the beverage’s relatively high price, Snapple marketers responded that it was a premium product that was “available to anyone,” as opposed to traditional luxury goods, such a Porche automobile, which were out-of-reach of the average consumer. But critics wondered whether the company could sustain such a high price premium, especially in the iced tea segment, which could easily be prepared at home. Consequently, many analysts believed that in order to successfully enter the supermarket business, Snapple management would have to reposition the brand and sell product in multi-packs, in cans, and at a lower price.
Snapple Brand Equity
In 1994, Snapple was experiencing tremendous growth. Jude Hammerle, Snapple’s Director for Advertising and Promotion commented, “The velocity at which the brand is growing now is so monumental “that you could get dizzy just thinking about that.” Michael Bellas, the President of Beverage Marketing agreed, “Snapple has made us all believers.”
Consumers loved Snapple. Fan clubs, testimonials, letter writing, some considered it a kind of Snapple cult. Snapple appeared on license plates and even became the middle name for a New Jersey baby boy. Consumer surveys suggested that the Snapple name was catchy and popular and engendered positive feelings in consumers. As Hammerle explained, “The name is really one of the most user-friendly, consumer-friendly names that you can ever find.” The company’s marketing targeted mostly teens, 18 to 30 year olds, and the “traditional iced tea consumer.”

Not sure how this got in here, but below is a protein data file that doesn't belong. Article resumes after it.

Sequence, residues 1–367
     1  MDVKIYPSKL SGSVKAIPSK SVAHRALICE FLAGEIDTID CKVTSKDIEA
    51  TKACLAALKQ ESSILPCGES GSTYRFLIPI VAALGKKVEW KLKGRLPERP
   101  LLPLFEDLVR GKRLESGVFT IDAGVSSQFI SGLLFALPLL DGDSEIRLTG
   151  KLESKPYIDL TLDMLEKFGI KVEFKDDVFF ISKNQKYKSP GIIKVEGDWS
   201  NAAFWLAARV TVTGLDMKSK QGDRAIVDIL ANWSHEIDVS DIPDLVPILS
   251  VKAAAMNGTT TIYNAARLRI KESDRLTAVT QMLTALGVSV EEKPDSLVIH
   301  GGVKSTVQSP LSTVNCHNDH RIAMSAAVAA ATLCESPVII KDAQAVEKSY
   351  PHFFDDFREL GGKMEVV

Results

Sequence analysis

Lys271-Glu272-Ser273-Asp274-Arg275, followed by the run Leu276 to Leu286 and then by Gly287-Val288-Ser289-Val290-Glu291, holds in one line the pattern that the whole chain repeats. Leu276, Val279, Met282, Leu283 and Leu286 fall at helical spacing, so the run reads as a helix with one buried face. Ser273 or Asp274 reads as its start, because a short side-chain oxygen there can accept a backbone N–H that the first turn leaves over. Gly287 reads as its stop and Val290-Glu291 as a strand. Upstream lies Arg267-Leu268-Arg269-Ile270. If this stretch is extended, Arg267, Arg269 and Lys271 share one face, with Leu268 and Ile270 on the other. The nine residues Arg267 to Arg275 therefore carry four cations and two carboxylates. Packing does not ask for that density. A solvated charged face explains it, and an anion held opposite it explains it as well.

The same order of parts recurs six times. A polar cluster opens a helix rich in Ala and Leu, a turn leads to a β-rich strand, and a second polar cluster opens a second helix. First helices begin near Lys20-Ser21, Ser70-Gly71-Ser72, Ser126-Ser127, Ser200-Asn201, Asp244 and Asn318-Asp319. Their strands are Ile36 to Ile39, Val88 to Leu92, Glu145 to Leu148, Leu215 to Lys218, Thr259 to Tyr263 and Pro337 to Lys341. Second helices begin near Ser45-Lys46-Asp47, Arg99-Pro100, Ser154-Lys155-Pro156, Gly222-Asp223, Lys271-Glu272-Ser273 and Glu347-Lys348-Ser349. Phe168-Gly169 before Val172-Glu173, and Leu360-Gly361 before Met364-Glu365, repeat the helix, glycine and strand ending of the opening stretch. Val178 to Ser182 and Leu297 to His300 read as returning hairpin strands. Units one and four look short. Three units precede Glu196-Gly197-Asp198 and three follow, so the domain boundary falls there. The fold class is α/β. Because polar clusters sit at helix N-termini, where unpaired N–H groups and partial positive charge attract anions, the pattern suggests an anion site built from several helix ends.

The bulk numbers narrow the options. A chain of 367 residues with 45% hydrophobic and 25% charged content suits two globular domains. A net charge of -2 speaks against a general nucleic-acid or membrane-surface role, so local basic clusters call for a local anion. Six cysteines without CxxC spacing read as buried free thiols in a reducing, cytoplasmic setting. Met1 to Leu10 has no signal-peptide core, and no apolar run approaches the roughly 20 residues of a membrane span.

During the early 1990s, Snapple ran a series of very successful ad campaigns, and had a great deal of success advertising on national radio and television, user off-beat humor and consumer-composed jingles. One advertisement the company invited an art critic to analyze the Snapple label. Snapple also gained appeal through product placements in popular shows such as Seinfeld, movies such as Sleepless in Seattle, as well as official sponsorship of...